14 June 2022

#Review - Boys, Beasts and Men by Sam J Miller

Cover for book “Boys, Beasts and Men” by Sam J Miller. Against a scarlet and black background, a composite creature which is formed from a conglomeration of wolfish heads, with teeth and eyes and, in one case, a serpent for a tongue.
Boys, Beasts and Men
Sam J Miller
Tachyon, 14 June 2022
Available as: PB, 330pp, e
Source: Advance e-copy
ISBN(PB): 9781616963729

I'm grateful to Tachyon for an advance e-copy of Boys, Beasts and Men to consider for review.

Boys, Beasts and Men contains fourteen of Miller's short stories, linked into a meta-narrative by brief linking sections which seem to follow an encounter and exchange between two men ('I follow him out of the bar with no idea what kind of tale I'm stepping into'). Some of the stories arise more or less directly from what the two are doing or saying, while others make more sense in hindsight. The nature of the exchange itself, though, only slowly becomes clear and I don't want to spoil it.

The stories themselves are vibrant and wide-ranging. While they almost always have an element of fantasy either in the detail or, I think, in being set in slightly alternate universes, this often isn't the main point. For example, in the first, Allosaurus Burgers, the eponymous dinosaur turns up in a remote US town, catalysing a range of reactions from religious concern to conspiracy theories, but the story follows a boy and explores his relationship with his mother, sister and absent father. There's no justification for the Allosaurus itself but its presence seems to say something about what is erased, absent or forbidden to be spoken about in Matt's life.

The second story, 57 Reasons for the Slate Quarry Suicides, perhaps turns more strongly on its fantasy premise - no, you'll have to read it to find what it is - as well as introducing one of the main themes of the collection, the lives of gay men and boys in society. It's allusively written, those 57 reasons being given as a numbered list, which gradually develops into a narrative, exploring both the narrator's longings and failings (he lets down a friend badly) and the way he is treated. It also touches on another theme of the collection, alternatives and roads not taken - several stories here take actual historical episodes and add different features to them: supernatural disturbances, different outcomes.  The Heat of Us: Notes Toward an Oral History, for example, describes the Stonewall raid from numerous perspectives ('June 1969: The wet Manhattan air was like sick breath coming out of our collective throat') but steers the story into something strange, different, a kind of actualisation, I think, of collective rage and resistance to create a phenomenon that baffles everyone. That theme is recapitulated in Angel, Monster, Man, a story told in three parts - and of course echoing the title of the collection - where again, desire, rage and frustration seem to enable the physical manifestation of something that then takes a life if its own as the New York gay community of the 1970s and 80s is struck by the virus.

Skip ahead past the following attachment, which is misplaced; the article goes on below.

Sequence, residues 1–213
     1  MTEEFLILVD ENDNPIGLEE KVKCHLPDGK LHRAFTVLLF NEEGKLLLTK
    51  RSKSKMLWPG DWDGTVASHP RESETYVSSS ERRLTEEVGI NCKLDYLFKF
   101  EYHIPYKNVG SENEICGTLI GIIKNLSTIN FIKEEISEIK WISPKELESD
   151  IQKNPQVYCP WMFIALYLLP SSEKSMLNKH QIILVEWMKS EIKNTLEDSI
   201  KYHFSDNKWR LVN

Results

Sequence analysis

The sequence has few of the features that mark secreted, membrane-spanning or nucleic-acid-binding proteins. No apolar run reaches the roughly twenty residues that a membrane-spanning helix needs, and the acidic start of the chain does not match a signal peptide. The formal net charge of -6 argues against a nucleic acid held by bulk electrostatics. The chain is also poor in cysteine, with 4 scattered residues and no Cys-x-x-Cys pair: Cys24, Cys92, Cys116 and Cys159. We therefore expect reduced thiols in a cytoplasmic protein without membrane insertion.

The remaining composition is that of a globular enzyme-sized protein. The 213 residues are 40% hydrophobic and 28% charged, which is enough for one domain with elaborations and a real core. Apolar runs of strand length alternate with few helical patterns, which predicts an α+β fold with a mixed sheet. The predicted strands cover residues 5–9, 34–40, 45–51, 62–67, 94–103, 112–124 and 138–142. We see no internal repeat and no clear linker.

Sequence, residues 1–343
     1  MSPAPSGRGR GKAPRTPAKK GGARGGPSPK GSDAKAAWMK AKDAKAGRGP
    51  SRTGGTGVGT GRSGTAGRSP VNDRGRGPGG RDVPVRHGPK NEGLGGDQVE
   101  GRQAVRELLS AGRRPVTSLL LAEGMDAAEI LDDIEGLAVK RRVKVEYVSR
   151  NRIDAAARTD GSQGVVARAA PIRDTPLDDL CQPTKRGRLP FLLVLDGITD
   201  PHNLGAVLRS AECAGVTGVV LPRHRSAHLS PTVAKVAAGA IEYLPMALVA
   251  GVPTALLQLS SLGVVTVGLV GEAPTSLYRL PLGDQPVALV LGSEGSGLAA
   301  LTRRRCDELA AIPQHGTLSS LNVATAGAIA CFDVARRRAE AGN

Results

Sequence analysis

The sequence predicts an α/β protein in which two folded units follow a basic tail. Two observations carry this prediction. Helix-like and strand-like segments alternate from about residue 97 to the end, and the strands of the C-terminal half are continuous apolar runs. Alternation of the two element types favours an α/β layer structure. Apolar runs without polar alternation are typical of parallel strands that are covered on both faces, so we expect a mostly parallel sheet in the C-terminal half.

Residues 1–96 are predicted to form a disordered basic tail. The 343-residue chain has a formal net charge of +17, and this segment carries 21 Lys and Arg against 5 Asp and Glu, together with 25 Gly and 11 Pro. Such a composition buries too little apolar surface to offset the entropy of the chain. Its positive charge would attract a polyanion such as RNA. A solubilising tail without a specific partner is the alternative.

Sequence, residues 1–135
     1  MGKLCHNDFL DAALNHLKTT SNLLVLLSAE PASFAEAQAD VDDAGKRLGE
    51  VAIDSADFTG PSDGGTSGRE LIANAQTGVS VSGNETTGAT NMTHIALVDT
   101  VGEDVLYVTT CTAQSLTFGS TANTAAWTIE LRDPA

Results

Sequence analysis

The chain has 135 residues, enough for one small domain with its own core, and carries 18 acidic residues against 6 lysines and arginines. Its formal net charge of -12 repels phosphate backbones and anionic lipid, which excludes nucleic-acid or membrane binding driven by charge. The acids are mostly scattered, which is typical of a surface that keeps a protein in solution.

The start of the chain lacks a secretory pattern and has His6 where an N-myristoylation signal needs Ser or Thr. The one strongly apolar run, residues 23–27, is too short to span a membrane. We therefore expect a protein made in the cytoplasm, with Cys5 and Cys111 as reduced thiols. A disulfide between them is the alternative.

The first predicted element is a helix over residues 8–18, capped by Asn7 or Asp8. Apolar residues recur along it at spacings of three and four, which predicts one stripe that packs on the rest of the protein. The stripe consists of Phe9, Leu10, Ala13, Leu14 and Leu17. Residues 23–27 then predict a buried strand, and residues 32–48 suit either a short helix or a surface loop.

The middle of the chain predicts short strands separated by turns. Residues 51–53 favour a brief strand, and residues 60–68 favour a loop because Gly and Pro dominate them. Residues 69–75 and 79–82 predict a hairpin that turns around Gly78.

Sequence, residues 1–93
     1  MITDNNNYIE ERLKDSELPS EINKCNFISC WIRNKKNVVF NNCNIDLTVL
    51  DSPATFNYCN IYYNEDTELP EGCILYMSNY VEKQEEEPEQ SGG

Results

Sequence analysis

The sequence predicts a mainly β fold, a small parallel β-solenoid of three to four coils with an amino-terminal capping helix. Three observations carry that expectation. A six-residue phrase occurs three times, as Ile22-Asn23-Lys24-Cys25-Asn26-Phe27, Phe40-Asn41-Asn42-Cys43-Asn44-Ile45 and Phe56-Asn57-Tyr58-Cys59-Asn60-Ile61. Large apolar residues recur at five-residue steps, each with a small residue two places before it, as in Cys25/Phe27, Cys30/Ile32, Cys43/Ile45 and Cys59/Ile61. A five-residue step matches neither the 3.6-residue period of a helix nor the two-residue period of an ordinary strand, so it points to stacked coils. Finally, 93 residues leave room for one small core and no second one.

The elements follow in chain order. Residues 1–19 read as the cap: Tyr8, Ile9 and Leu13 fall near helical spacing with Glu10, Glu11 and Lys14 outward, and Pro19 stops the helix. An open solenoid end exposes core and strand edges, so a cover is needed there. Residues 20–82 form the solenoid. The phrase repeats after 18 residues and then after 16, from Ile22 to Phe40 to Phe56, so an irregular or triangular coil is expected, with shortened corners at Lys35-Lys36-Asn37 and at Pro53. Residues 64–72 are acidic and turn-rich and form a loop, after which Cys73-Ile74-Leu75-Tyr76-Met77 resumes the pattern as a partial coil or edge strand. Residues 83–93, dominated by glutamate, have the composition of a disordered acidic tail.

Death and loss feature here often. In Conspicuous Plumage a young man is absent, not spoken of due to the way that he died. It takes a voyage of rediscovery and reimagining to bring him back to mind. The  loss and regret are sometimes more, sometimes less, fantastical - more, for example, in Shattered Sidewalks of the Human Heart which riffs on the events off the film King Kong, bringing New York together in regret and repugnance at a shattering loss: a token perhaps of how we can be, and a story with a promise of something better arising. 

And the loss isn't always due to a death. In Shucked, it's much more subtle than that - a chance encounter by two American tourists in a bar with an older man ('One of the burdens of being with a boy as beautiful as Teen') leads to... doubts... about the reality of their own relationship and about identity. In The Beasts We Want To Be, a really creepy little story set in the aftermath of the Russian Revolution where strange conditioning techniques to engineer human souls vie with eerie religious artefacts, it's all about the strange sense of unreality even as survivors find consoling relationships amongst the bloodshed. In Calved, a tender story turning on a father's relationship with his son in a nearly post-apocalyptic world, we see the catastrophe coming - a catastrophe stoked by misunderstanding and an inability, or refusal, to be emotionally honest - but can't do anything about it. 

Relationships - whether between father and son, mother and daughter, lovers, or strangers - are often exquisitely twisted in this collection, not always completely messed up but ramified, vibrating even when seeking to unknot themselves. A sober churchgoing woman seeks out forbidden drugs to open the doors of perception, understand what her son is and hold out a hand to him. Absence undoes those relationships: 'while he was away, Hugh became someone else' or creates spaces in which they can be rebuilt or seen differently. And always, there is that framing story, providing some insights about where all this is going - though tantalisingly incomplete ones.

I simply loved this collection. While dark at times, it's never completely bleak, presenting moments of hope and, as I have said, resistance and weaving a seductive web around the reader.

For more information about Boys, Beasts and Men, see the publisher's website here.

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